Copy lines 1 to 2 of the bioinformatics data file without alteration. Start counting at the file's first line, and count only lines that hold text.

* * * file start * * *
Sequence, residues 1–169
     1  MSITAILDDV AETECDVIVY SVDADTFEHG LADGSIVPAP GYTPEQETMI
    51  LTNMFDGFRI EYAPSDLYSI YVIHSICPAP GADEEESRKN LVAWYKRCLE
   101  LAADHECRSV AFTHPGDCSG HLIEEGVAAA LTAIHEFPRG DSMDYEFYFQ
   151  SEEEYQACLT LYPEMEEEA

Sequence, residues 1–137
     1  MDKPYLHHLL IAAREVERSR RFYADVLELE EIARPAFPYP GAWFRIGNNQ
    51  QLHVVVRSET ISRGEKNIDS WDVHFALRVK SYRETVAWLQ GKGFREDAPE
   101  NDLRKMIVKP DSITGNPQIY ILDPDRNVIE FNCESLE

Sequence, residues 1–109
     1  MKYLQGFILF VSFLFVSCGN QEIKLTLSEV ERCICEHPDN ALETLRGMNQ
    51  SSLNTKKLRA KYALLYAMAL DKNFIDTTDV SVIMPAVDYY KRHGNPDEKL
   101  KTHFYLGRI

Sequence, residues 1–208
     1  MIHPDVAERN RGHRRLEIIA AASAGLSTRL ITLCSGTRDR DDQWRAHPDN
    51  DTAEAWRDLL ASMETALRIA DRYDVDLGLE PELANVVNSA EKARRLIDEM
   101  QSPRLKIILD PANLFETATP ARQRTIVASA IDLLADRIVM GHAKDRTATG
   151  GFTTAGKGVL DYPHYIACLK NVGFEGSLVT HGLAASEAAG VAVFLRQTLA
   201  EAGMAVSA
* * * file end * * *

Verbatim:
Sequence, residues 1–169
     1  MSITAILDDV AETECDVIVY SVDADTFEHG LADGSIVPAP GYTPEQETMI